Category Archives: Activism

an affluent activist at occupy wall street says: raise her taxes!

Occupy Wall Street …

Here’s my latest article for The Valley Advocate, about 1%er Jessie Spector, the Program Director at Resource Generation, who was arrested participating in the Occupy Wall Street protests, against her financial interest.


Earlier this month, an estimated 700 Occupy Wall Street protesters were arrested while attempting to cross New York’s famed Brooklyn Bridge. It was one of the largest demonstrations to date by the amorphous “Other 99 percent” representing the majority of people who don’t benefit from the socioeconomic privileges enjoyed by the upper 1 percent of wealth holders in the country.

But among the protesters arrested was Northampton native Jessie Spector, who marched that day holding a most unusual sign: “I was born into the 1%, I want redistribution, we’ll all be better for it & Tax me!”

Why would Spector do this?

“I wanted to mix up the message,” she explains. “It’s important to show there are rich people in solidarity.”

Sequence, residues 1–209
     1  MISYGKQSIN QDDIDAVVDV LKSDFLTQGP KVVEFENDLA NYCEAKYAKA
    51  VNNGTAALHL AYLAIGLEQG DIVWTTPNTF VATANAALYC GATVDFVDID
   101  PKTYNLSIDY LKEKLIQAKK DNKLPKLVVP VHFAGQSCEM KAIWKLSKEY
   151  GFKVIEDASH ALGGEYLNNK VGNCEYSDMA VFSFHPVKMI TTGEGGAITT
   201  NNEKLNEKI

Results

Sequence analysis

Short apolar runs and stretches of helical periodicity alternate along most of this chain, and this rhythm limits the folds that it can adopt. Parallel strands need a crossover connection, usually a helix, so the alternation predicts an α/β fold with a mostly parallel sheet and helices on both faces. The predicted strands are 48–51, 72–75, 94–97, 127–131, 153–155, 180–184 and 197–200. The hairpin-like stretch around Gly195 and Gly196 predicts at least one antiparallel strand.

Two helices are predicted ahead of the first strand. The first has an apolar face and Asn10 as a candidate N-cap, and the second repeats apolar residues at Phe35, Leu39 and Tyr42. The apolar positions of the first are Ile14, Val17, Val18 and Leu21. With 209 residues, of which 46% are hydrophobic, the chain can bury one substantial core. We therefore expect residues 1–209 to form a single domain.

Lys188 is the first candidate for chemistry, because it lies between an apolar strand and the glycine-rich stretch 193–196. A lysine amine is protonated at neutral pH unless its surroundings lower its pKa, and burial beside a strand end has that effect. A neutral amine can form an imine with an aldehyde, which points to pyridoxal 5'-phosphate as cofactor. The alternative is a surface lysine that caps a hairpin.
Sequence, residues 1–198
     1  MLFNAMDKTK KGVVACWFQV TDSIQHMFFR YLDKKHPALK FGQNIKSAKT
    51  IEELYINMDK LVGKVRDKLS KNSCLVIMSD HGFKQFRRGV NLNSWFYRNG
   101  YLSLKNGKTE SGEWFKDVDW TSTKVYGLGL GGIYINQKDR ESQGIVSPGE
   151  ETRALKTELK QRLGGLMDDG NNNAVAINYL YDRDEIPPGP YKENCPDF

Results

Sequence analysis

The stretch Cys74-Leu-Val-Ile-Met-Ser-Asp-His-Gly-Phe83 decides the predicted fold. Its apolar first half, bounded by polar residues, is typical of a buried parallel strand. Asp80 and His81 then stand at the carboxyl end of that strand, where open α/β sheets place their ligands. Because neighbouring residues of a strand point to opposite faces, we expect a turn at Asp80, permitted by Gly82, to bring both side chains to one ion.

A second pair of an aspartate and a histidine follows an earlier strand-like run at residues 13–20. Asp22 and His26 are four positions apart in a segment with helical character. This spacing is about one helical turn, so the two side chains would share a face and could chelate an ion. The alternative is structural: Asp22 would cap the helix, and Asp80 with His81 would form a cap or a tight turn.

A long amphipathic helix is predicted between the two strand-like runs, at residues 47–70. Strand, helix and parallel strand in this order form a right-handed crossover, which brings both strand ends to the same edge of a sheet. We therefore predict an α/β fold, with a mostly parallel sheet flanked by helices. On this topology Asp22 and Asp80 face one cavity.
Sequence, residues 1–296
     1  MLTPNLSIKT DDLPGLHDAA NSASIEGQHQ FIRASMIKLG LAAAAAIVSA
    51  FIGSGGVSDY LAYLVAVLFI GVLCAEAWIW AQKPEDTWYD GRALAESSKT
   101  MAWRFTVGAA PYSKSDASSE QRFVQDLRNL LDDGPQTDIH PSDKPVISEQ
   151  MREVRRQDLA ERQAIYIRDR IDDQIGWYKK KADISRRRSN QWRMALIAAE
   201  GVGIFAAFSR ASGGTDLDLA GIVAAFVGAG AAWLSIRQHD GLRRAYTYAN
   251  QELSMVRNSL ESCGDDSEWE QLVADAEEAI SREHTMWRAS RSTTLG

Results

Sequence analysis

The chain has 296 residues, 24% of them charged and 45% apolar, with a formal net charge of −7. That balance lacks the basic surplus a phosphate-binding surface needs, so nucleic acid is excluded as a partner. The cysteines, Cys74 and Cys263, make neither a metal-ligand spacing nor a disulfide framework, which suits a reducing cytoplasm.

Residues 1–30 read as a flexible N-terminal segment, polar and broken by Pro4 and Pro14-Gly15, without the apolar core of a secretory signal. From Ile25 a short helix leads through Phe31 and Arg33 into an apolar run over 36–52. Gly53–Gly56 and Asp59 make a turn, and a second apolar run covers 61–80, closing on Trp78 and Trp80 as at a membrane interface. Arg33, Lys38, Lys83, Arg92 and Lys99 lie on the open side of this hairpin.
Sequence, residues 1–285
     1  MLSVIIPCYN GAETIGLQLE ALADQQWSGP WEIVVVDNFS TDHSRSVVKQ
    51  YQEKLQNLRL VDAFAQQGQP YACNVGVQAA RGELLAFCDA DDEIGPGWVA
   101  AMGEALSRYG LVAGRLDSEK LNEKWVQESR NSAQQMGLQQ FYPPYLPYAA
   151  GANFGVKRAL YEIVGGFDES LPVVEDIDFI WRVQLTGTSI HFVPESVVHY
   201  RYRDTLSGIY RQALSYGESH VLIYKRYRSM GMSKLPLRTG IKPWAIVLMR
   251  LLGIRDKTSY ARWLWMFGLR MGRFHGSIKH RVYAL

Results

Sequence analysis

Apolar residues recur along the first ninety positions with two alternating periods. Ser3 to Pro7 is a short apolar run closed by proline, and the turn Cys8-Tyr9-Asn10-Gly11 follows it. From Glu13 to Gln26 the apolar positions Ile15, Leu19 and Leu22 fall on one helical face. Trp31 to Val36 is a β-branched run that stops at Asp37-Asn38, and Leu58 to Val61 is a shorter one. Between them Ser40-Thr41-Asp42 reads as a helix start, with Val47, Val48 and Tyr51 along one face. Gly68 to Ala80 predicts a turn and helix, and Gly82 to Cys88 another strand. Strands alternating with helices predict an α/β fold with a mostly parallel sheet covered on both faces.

Read on … 

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giving gay rights a sporting chance

Here’s my recent article for In These Times that is on newsstands (where they still exist) and online as of this month!


Before New York’s momentous legalization of marriage equality this summer, former New York Giants player David Tyree made a video with the National Organization for Marriage. “It’s a strong word,” said the wide receiver, but gay marriage is the beginning of America’s slide toward “anarchy.”

But his ominous warning may be becoming more of an exception than the rule in American locker rooms. Consider the emerging critical mass of athletes publicly supporting marriage equality and challenging homophobia: Baltimore Ravens linebacker Brendan Ayanbadejo and New York Rangers forward Sean Avery have made advocacy videos in Maryland and New York, respectively. Grant Hill teamed up with fellow Phoenix Suns basketball player Jared Dudley to film a “Think B4 You Speak” anti-homophobic language video in April. And several Major League Baseball teams, including the Boston Red Sox, Chicago Cubs and World Series champion San Francisco Giants, have shot videos for Dan Savage’s “It Gets Better” anti-bullying campaign.

Taken together, it’s a stunning amount of support from a sports culture that has historically been mired in homophobia.

Read on … 

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scott russell sanders breaks “the spell of money”